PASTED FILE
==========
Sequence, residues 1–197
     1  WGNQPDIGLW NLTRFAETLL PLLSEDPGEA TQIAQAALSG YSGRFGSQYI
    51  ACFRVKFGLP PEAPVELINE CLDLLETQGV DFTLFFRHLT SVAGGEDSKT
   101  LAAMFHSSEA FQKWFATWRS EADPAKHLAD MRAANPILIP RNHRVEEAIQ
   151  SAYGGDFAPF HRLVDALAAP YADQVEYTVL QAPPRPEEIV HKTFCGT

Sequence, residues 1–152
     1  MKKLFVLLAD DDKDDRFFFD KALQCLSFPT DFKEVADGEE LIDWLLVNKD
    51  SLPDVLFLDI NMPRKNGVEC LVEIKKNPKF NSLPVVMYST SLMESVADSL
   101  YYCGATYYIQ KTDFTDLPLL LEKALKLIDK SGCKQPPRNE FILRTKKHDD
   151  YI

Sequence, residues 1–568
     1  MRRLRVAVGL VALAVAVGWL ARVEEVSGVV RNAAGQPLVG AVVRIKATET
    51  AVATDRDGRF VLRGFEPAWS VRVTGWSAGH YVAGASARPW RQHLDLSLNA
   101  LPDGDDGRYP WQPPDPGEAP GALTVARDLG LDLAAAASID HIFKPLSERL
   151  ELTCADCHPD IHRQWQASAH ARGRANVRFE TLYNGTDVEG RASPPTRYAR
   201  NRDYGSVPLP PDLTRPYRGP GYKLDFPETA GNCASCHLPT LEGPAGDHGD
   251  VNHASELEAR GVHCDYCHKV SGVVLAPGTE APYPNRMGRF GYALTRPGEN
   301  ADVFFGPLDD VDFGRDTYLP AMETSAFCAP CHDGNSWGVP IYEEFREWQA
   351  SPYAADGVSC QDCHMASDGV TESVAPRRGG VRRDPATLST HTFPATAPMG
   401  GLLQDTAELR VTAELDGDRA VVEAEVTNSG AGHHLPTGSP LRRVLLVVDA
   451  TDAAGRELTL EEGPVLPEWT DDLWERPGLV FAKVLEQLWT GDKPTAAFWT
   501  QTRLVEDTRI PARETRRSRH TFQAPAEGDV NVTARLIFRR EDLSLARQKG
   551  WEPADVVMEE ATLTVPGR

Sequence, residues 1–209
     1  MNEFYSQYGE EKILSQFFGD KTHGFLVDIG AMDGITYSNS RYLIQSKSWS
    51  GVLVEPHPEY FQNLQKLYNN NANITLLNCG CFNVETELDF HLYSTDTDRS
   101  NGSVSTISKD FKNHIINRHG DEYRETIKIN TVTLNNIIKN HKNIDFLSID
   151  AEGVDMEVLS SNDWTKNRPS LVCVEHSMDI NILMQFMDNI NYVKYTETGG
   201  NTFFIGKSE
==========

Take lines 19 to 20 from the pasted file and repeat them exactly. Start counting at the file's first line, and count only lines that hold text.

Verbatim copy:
   351  SPYAADGVSC QDCHMASDGV TESVAPRRGG VRRDPATLST HTFPATAPMG
   401  GLLQDTAELR VTAELDGDRA VVEAEVTNSG AGHHLPTGSP LRRVLLVVDA